Browse Subject Areas

Click through the PLOS taxonomy to find articles in your field.

For more information about PLOS Subject Areas, click here.

  • Loading metrics

Associations between Maternal and Infant Morbidities and sRAGE within the First Week of Life in Extremely Preterm Infants

  • Lynette K. Rogers ,

    Affiliations Center for Perinatal Research, The Research Institute at Nationwide Children’s Hospital, Columbus, Ohio, United States of America, Department of Pediatrics, The Ohio State University, Columbus, Ohio, United States of America

  • Amanda E. Graf,

    Affiliations Center for Perinatal Research, The Research Institute at Nationwide Children’s Hospital, Columbus, Ohio, United States of America, Department of Pediatrics, The Ohio State University, Columbus, Ohio, United States of America

  • Anisha Bhatia,

    Affiliation Center for Perinatal Research, The Research Institute at Nationwide Children’s Hospital, Columbus, Ohio, United States of America

  • Karen L. Leonhart,

    Affiliation Center for Perinatal Research, The Research Institute at Nationwide Children’s Hospital, Columbus, Ohio, United States of America

  • Reena Oza-Frank

    Affiliations Center for Perinatal Research, The Research Institute at Nationwide Children’s Hospital, Columbus, Ohio, United States of America, Department of Pediatrics, The Ohio State University, Columbus, Ohio, United States of America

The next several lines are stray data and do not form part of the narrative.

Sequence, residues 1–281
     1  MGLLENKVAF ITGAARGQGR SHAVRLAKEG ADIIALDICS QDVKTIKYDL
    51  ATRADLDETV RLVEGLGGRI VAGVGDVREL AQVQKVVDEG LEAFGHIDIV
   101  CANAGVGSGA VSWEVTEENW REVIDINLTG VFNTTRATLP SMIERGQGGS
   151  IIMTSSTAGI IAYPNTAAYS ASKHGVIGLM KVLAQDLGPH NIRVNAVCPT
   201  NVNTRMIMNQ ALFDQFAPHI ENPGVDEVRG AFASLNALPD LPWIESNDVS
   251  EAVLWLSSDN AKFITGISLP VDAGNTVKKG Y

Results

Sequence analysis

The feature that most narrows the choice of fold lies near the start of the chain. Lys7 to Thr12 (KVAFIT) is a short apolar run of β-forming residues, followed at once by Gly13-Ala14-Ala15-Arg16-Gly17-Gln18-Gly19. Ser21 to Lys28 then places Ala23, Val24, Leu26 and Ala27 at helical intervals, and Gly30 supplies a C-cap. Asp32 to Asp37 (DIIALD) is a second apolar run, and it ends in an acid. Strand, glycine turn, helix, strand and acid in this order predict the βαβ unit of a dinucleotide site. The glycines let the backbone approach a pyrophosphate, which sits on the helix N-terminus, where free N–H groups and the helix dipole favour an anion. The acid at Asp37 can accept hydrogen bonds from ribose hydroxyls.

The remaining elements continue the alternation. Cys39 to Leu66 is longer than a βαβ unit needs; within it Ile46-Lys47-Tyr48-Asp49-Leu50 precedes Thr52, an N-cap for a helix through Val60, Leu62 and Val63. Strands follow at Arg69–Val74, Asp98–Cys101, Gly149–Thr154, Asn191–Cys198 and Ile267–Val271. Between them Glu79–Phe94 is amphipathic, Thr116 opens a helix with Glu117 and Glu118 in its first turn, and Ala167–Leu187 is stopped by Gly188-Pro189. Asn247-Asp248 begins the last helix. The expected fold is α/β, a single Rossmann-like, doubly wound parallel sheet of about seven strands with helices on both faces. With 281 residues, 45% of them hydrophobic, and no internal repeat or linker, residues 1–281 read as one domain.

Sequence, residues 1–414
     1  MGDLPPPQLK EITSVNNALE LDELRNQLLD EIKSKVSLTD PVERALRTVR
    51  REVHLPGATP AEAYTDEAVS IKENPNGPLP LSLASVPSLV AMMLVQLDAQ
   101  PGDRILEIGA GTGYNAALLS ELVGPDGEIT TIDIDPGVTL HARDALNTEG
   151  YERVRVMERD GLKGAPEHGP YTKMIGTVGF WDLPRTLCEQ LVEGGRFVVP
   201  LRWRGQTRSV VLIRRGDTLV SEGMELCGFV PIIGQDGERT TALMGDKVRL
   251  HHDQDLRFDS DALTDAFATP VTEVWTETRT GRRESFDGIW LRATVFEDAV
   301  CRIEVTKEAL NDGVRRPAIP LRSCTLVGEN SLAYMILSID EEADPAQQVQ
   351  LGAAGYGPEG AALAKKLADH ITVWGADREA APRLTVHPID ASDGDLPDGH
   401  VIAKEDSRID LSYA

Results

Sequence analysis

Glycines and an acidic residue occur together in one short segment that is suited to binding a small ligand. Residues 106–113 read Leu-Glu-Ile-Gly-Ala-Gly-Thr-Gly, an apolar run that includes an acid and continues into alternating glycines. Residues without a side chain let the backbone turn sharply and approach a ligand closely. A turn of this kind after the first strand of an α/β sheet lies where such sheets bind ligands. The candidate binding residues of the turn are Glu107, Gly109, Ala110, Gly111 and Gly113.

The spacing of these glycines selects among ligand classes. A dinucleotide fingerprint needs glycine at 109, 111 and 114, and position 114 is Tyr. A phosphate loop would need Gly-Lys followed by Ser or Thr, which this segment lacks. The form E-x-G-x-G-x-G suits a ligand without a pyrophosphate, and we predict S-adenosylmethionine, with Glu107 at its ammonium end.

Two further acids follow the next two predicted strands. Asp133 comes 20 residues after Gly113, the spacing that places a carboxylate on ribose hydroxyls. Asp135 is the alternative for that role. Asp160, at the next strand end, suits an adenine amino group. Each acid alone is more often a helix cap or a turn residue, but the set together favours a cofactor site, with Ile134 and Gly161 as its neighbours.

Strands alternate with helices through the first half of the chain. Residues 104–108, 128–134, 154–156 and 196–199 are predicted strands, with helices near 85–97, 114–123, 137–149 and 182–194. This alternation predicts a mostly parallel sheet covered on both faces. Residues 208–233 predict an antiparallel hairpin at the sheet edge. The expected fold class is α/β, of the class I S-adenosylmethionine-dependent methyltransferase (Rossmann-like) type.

Associations between Maternal and Infant Morbidities and sRAGE within the First Week of Life in Extremely Preterm Infants

  • Lynette K. Rogers, 
  • Amanda E. Graf, 
  • Anisha Bhatia, 
  • Karen L. Leonhart, 
  • Reena Oza-Frank



Soluble RAGE (sRAGE) has been associated with multiple inflammatory responses including maternal chorioamnionitis and preeclampsia. Analysis of umbilical cord blood levels have also indicated that sRAGE levels in the infant are affected by maternal inflammation. S100b is a ligand for RAGE and increases in circulating S100b levels are associated with poor neurological outcome in preterm infants. The objective of this study was to determine whether sRAGE or s100b levels in plasma samples from extremely preterm infants at the end of the first week of life were correlated with infant morbidities and whether sRAGE and s100b levels at this time point were still associated with maternal inflammation.


Plasma samples were collected from 130 preterm infants (≤28 weeks) at days of life 5, 6, or 7. sRAGE and s100b levels were measured by ELISA and data were analyzed by Pearson’s correlation or Generalized Estimating Equations.


sRAGE was negatively correlated with development of sepsis (p=0.024), the FiO2 requirement of the infant at the time of sampling (p=0.030), as well as maternal preeclampsia (p=0.046), and positively correlated with maternal chorioamnionitis (p=0.006). s100b levels were positively associated with maternal chorioamnionitis (p=0.039). No correlations were observed with other infant morbidities.


These data indicate that sRAGE could potentially be a biomarker of early severe inflammatory responses in the preterm infant. However, more studies are needed to confirm the present findings.


Nearly 12% of babies born in the United States are born prematurely before 37 completed weeks of gestation [1]. Many of these babies will require care in a neonatal intensive care unit and are at risk for a number of medical complications and morbidities. Of those babies born weighing less than 1500 grams, 25-50% will face some degree of long-term neurodevelopmental impairment [2]. The discovery of potential tools to identify those infants at highest risk for development of complications is an important research step toward the prevention of such morbidities.